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My fasting and prayer worked well. I’m feeling truly blessed and even had some positive things come my way. I also feel better, probably helped to cleanse myself of all the junk that I put in me.

It had me thinking about my life – I spent a lot of time to talking to God – so led me to some self-reflection. Like holding up a mirror to myself. I felt like there was a disconnect.

People have one view of me and I have another one. They don’t really align. But the problem is that I’ve spent too much time believing or at least portraying the one others believe to be the true. And actually it’s exhausting living up to something you’re not.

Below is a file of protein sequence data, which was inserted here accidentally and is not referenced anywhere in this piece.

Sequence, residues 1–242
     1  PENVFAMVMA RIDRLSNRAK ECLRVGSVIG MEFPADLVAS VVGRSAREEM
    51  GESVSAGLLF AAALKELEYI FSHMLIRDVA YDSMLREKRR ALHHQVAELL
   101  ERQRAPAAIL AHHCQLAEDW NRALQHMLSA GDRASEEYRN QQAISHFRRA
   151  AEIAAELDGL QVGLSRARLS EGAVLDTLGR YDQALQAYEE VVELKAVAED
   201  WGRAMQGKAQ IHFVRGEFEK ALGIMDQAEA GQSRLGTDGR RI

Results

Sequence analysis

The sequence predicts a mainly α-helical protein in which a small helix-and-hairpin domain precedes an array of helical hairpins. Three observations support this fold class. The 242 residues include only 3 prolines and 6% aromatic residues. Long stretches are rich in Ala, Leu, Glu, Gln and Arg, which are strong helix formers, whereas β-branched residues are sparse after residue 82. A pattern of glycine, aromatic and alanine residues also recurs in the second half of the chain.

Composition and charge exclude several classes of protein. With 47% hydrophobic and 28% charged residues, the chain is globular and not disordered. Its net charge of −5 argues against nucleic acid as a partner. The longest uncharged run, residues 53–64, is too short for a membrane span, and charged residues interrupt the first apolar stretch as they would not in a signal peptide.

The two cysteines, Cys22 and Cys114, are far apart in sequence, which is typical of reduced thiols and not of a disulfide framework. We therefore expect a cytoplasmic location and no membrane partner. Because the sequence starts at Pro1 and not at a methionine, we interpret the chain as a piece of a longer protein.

For too long, I didn’t like what I saw in the mirror (not the superficial asthetics – nothing wrong there 🙂 ), but what I carried in me, or what people thought I was, yet I perpetuated it. I allowed people to judge the book by its cover. Not even letting them read the foreward.

So now that I’m a week away from my 3… birthday, Paulo Coelho‘s words can’t ring truer: ‘You may not know your path, but you must know what you don’t want in life’. I don’t want to pretend anymore. I want to be true to who I am. You may not like me, but you don’t have to. (How exactly is this my problem?)

Another thing I’m going to stop doing is explaining myself, I am who I am. We spend way too much time trying to please people, people that don’t really matter either. As we get older, we get more comfortable in our skins and less concerned with what others think.

This is another step in achieving my personal legend; re-inventing myself, or more appropriately giving everyone the real Cathy.